VANCOUVER, British Columbia (Reuters) - Canada’s Liberal Party, which has been climbing in recent opinion polls, is also regaining its financial footing and the political unity it needs to fight a new election, leader Michael Ignatieff said on Thursday.
But Ignatieff added he was still in no rush to force an election so soon after last October’s vote, and told party activists they still had hard work to do to regain the Liberals’ standing as a “national institution” that could elect candidates in all parts of the country..
“We have a unified party. We have a party out of debt. And we have a party basically ready to fight an election,” he told reporters in Vancouver at the start of the Liberal’s Party national convention.
The Liberals are expecting about 1,500 delegates in Vancouver for the three-day gathering. Organizers have billed it as a “renewal” event and a chance for party members from across the country to meet Ignatieff, who has led them on an interim basis since late last year.
The delegates are all but certain to elect Ignatieff as permanent leader on Saturday.
A well-known author, broadcaster and historian who has spent most of his adult life outside of Canada, Ignatieff was picked by Liberal legislators in December to replace struggling leader Stephane Dion.
Dion led the Liberals to a poor showing in the October 14 election and suffered miscues during the November parliamentary crisis that saw the Liberals, New Democratic Party and Bloc Quebecois nearly bring down the minority Conservatives of Prime Minister Stephen Harper.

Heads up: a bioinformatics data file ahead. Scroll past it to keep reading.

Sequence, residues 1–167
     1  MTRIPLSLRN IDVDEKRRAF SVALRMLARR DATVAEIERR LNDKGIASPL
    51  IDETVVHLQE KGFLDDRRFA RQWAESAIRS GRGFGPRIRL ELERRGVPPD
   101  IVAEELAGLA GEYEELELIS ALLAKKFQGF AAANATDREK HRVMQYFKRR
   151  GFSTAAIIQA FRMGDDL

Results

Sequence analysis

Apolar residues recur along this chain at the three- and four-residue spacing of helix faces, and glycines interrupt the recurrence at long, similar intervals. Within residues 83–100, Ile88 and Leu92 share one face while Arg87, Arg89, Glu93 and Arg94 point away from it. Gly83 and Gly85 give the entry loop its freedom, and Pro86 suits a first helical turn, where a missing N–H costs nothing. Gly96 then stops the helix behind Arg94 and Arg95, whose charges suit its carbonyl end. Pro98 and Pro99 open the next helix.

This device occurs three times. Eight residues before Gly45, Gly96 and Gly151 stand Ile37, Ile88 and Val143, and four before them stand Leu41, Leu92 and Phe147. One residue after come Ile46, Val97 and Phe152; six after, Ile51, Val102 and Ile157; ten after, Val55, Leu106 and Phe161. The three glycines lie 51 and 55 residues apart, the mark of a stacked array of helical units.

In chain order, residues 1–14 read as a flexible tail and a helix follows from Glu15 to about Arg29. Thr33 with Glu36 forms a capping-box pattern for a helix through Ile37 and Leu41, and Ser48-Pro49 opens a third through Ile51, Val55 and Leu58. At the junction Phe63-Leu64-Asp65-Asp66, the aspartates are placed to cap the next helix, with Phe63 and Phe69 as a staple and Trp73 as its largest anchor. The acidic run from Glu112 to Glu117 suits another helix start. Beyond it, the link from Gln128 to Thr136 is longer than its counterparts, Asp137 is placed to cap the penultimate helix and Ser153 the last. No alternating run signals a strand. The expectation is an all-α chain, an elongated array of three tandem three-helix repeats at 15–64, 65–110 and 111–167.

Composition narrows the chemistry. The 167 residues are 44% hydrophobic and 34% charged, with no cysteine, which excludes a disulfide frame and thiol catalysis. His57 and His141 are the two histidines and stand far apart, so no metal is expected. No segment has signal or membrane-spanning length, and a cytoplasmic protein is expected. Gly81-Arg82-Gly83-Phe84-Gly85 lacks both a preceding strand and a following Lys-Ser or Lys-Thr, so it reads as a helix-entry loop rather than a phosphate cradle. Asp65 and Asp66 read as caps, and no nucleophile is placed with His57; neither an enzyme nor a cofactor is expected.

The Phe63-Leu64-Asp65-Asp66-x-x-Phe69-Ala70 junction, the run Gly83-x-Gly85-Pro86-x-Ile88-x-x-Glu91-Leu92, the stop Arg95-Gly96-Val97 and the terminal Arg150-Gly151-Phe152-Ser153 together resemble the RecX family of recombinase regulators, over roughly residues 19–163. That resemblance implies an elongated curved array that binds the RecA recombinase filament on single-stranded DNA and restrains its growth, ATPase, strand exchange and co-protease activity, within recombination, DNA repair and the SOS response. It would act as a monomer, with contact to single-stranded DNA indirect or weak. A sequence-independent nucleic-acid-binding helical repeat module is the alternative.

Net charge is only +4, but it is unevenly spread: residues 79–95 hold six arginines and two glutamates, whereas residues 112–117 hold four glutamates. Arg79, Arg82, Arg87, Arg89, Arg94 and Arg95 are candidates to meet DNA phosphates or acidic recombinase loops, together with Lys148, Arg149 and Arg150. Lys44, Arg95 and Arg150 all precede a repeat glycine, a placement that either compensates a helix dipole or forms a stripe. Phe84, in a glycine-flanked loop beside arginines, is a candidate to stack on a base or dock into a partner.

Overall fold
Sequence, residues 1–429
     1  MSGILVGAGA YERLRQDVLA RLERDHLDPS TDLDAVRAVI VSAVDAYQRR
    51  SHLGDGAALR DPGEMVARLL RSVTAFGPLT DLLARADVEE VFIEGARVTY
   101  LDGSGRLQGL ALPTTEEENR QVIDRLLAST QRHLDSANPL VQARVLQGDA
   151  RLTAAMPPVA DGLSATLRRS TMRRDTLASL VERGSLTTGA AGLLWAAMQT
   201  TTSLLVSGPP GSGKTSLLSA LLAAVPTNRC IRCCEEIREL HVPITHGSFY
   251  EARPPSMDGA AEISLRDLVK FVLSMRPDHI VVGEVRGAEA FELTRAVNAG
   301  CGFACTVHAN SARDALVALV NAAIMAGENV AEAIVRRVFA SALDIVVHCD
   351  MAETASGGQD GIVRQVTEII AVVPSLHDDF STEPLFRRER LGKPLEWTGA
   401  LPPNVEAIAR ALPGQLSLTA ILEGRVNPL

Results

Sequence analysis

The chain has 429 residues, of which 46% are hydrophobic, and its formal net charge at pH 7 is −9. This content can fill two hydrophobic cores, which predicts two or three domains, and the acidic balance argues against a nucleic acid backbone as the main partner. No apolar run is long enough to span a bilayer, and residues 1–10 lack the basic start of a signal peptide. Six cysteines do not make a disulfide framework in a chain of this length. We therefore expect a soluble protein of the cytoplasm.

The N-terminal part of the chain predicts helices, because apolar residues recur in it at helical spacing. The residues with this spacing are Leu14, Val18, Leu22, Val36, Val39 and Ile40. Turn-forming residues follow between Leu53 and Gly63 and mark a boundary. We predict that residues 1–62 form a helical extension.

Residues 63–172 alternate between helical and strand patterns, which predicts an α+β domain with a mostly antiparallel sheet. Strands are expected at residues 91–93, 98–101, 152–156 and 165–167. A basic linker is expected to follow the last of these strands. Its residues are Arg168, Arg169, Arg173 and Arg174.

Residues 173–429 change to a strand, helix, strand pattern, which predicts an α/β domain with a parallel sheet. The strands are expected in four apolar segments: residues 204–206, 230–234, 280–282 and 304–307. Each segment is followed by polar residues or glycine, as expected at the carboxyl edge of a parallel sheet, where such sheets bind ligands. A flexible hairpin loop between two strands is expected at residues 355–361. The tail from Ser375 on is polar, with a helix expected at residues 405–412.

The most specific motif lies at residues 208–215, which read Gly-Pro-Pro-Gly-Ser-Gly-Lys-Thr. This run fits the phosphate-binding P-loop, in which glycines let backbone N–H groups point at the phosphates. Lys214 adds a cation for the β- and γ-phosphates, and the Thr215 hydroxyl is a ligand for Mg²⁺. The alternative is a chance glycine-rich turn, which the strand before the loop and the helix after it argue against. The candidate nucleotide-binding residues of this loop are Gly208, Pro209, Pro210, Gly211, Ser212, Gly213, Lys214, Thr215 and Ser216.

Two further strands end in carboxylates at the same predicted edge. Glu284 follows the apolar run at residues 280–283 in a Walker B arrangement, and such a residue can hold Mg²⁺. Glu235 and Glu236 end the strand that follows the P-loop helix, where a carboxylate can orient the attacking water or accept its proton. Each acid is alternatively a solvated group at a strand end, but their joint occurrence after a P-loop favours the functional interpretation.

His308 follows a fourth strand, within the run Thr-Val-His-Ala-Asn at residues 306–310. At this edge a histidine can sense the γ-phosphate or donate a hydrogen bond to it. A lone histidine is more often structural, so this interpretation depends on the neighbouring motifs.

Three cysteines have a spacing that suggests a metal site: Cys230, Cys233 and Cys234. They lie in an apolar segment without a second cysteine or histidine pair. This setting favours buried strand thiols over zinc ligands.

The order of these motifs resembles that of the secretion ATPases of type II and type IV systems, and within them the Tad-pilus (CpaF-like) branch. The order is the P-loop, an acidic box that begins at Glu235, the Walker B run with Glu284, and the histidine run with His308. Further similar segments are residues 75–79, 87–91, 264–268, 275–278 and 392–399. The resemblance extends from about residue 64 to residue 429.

Ignatieff, who is more centrist than Dion, ended the coalition and allowed the Conservatives to survive while he tried to rebuild popular support and the party’s finances.
He told reporters on Thursday the message he is hearing from voters is that they are still not in the mood for another election -- which would be the fourth in five years -- the same explanation he gave when the Liberals agreed to support the Conservatives’ last budget.
Polls indicate the strategy may be working. The Liberals have taken a narrow lead over the Conservatives nationally and over the Bloc Quebecois in Quebec, the only province where the separatist party fields candidates.
Ignatieff also said the party raised twice as much money in the first quarter of this year as it did in the same period last year. In fact, in all of 2008 it was able to raise a total of only C$6.2 million ($5.2 million), far short of the C$21.2 million raised by the Conservatives.
“The financial picture for the Liberal Party is very significantly improved, and the other parties should take note,” he told reporters.
Reporting Allan Dowd, editing by Rob Wilson